Of degrees and dice and the luck of the draw

One Singapore university has just tumbled headlong in the world university rankings. Meanwhile, the government is doing its best to stop Singaporeans from taking the plunge into the myriad attractions of the two new casinos. Tourists, however, are welcome to take their chances there.

You think it’s unfair to encourage foreigners to visit places where you don’t want your own citizens to go? Then you are not attuned to the economics of a tourist destination.

Tourism is a major industry in Singapore. It welcomes visitors, who check into the hotels, dine at the restaurants, go shopping, visit the zoo and the bird park and Sentosa, ringing up the tills all over the island. The Singapore Tourism Board keeps an eye on the business. It gives monthly reports on visitor arrivals and hotel revenue – one million and S$173 million (almost Rs 600 crore) in July. The tourist flow has gone up since the casinos opened, it notes.

But the authorities have stopped the free bus services run by the casinos to attract local residents. The government knows what the odds are when you gamble, running a lottery monopoly itself.

Now what has that to do with education? That’s a business, too. Singapore universities recruit not only local students. They also welcome international students, luring the best and brightest with scholarships and student loans.  In exchange, they have to serve a bond working for a Singapore company for a limited period after graduation. It’s a good deal. The students get a good education and valuable work experience.

And what’s in it for the universities?

Hey, those Indian, Chinese and other foreign students saved a Singapore university from sliding even lower down the world rankings.

Nanyang Technological University (NTU) dropped a hundred places to finish 174th in this year’s Times Higher Education World University Rankings, announced last week. Who knows where it might have ended up without its “international mix”? That counted in the rankings.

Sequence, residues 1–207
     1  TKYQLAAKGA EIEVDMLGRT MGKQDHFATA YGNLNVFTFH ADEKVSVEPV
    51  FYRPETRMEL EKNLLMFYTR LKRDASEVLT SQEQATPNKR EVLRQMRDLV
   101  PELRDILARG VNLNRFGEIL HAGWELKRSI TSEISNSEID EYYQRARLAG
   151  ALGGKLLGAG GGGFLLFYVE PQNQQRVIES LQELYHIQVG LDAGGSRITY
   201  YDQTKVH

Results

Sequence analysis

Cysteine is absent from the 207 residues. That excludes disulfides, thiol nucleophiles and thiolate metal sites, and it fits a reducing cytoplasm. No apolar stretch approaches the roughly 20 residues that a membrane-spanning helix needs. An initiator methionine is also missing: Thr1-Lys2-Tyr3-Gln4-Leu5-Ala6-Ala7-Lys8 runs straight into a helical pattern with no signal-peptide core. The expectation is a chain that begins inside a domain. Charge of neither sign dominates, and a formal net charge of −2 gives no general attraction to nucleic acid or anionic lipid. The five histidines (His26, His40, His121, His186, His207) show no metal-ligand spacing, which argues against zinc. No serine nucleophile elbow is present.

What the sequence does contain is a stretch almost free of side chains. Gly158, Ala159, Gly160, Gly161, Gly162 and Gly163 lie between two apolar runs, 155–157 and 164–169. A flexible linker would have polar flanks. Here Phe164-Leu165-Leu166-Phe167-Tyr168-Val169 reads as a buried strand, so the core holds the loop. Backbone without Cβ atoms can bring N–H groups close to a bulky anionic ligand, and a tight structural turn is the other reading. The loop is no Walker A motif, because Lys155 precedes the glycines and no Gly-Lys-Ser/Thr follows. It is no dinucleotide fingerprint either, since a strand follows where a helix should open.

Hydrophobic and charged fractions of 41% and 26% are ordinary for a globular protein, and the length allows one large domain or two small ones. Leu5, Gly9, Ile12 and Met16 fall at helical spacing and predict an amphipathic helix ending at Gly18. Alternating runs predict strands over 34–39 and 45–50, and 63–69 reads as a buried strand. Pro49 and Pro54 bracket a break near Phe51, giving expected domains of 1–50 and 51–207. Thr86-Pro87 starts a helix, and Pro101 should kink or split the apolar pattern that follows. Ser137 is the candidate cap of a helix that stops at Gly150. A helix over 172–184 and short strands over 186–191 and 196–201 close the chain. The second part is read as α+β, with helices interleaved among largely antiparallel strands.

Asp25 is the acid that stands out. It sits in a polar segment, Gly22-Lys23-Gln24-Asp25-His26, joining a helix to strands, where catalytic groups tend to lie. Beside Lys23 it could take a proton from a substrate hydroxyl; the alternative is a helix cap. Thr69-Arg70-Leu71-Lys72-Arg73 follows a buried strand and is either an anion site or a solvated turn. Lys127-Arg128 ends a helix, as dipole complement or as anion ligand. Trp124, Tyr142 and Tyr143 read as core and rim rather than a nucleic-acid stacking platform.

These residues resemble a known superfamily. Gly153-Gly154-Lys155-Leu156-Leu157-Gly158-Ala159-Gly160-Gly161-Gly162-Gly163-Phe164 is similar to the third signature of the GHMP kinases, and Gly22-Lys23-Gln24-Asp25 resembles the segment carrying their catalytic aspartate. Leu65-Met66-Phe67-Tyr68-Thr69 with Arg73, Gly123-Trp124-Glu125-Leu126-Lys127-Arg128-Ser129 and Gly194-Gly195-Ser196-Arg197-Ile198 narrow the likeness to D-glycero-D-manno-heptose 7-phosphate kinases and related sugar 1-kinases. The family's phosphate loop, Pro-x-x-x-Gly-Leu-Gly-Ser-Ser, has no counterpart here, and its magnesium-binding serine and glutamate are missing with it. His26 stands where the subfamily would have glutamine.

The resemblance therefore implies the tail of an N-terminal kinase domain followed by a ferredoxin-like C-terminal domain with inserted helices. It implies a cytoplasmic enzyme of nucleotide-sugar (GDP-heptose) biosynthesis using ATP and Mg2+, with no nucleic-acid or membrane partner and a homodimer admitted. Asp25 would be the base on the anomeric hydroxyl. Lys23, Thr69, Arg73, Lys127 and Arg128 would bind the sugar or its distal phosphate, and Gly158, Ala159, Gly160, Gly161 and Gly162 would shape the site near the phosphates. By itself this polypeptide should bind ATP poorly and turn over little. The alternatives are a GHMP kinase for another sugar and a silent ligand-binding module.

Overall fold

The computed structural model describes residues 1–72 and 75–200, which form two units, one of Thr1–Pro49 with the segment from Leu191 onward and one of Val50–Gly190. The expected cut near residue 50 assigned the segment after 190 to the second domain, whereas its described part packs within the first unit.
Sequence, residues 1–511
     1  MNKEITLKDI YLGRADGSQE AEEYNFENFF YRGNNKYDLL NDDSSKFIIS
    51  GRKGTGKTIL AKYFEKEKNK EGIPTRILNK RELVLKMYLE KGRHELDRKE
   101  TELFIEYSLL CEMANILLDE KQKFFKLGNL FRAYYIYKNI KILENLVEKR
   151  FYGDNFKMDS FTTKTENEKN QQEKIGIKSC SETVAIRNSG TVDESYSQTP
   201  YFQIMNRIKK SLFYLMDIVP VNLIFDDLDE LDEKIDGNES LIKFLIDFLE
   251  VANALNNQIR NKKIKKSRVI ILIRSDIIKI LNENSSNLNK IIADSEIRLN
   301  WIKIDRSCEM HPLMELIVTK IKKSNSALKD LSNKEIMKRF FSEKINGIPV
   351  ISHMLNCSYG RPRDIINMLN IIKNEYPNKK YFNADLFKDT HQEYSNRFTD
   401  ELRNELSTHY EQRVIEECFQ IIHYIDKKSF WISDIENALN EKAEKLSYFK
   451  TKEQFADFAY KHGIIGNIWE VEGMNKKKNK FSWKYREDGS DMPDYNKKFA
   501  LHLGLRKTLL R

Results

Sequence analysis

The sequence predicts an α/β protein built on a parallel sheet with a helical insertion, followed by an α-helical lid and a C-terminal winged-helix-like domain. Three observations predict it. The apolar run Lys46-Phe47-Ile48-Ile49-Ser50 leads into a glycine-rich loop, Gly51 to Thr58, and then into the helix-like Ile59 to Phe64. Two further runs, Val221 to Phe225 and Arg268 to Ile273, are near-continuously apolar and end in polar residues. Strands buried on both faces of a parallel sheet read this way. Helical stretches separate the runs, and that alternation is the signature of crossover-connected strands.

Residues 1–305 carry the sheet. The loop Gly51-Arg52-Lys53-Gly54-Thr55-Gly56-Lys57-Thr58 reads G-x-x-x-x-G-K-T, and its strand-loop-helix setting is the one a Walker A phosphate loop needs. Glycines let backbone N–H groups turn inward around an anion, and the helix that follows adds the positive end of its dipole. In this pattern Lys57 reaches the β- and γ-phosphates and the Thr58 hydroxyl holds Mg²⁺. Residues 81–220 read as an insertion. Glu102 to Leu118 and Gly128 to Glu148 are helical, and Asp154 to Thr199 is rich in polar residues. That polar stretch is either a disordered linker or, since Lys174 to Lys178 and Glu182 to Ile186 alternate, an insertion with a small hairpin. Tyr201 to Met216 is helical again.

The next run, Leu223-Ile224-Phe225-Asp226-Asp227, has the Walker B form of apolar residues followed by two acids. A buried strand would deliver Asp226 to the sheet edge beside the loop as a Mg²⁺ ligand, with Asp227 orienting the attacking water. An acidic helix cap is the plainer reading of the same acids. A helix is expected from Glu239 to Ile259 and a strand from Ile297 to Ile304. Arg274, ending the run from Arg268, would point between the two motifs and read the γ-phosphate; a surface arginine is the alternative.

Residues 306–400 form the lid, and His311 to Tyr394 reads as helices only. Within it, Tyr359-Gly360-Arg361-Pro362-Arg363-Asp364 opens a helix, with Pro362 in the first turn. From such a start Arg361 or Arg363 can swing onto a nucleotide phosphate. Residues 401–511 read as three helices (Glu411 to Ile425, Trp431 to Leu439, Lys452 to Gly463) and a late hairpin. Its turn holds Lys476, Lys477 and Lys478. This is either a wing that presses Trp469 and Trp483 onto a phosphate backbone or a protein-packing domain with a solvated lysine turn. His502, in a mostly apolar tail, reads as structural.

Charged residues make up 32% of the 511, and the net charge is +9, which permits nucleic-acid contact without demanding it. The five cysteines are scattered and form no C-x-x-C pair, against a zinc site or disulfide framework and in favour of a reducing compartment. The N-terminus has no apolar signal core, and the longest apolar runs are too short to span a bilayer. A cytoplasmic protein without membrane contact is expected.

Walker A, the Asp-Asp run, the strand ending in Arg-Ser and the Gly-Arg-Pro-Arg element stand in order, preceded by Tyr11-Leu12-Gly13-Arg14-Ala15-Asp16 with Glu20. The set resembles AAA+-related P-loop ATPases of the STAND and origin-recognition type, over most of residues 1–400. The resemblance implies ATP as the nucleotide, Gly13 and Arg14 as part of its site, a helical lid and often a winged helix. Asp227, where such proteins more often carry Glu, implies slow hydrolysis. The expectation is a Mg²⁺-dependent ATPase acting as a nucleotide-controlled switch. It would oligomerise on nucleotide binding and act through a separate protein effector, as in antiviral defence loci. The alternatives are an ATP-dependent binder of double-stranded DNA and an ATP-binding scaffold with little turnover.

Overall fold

Harvard was first, followed by Caltech, MIT, Stanford and Princeton with Oxford and Cambridge sharing the sixth spot.

The National University of Singapore slipped only four places, to 34th. But NTU plunged abysmally. To rub salt into its wounds, NTU was found “below average” in teaching.

That’s what the editor, Phil Baty, told the Straits Times when asked to compare the two Singapore universities.

But education standards don’t slip so drastically overnight.  What happened was something else, which I have written about.

Last week, I wrote that Singapore was the world’s third most competitive economy – and India 51st – in the World Economic Forum’s Global Competitiveness Report released earlier this month. I mentioned then it was a matter of perception. That report was largely based on what the business executives in each country said. Singapore received a more positive assessment from business executives in Singapore than India did from their counterparts in India.

While it’s true Singapore is richer, safer, cleaner and more business-friendly than India, there can be disagreements on other issues.

That’s what led to the downfall of NTU. The Times Higher Education now says previous rankings were inaccurate. They certainly invited controversy. So it turned to Thomson Reuters to help with the rankings and new measures were used. Until last year, the rankings were partly based on employers’ assessments of university graduates. That was dropped this year; more emphasis was laid on education.

However, the rankings still give some weight – though less than before – to how cosmopolitan a university is. That was NTU’s strongest point. It scored 93.6 out of 100 for its international mix but only 43.6 for teaching.

The Enquirer, an NTU online student newspaper, is taking the fall with good grace. “The truth is, past ranking criteria have been too kind to NTU, and the new ranking criteria reflects the quality of institutions better,” it says.

No doubt, the university will try to do better. Education is prized in Singapore for economic reasons. The government has just announced plans to spend S$16 billion over the next five years on research, innovation and enterprise.

One quality, however, in which Singapore has been found wanting is generosity. The Straits Times reports Singapore ranks 91st on the World Giving Index. The index is based on three things – giving money to charity, volunteering time to an organization, and helping strangers. Australia is first, New Zealand second, Canada third, Ireland fourth, America and Switzerland fifth, Holland seventh and Britain eighth out of the 153 countries surveyed. India is 134th and China 147th.

India, of course, is inured to poverty and Singapore has the highest paid ministers and civil servants in the world because the government believes you have to pay top dollar to get the best talent. Implicit in that is the recognition of a lack of public-spiritedness and self-sacrifice. That’s being realistic and Singapore is all the better for it.

The government cares. It doesn’t want Singaporeans to throw away their hard-earned money on the turn of a wheel or the roll of a dice. The tourists, of course, aren’t Singaporeans.

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